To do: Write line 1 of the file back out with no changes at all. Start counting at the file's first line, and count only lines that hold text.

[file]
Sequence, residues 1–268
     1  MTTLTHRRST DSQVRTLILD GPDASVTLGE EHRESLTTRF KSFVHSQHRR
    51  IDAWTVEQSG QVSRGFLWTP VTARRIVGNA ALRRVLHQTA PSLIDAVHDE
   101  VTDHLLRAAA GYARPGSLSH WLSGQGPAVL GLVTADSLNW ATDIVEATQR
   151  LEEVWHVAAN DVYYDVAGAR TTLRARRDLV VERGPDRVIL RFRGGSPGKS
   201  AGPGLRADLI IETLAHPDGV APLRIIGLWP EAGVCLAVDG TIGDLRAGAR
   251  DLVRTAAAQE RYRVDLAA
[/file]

Sequence, residues 1–268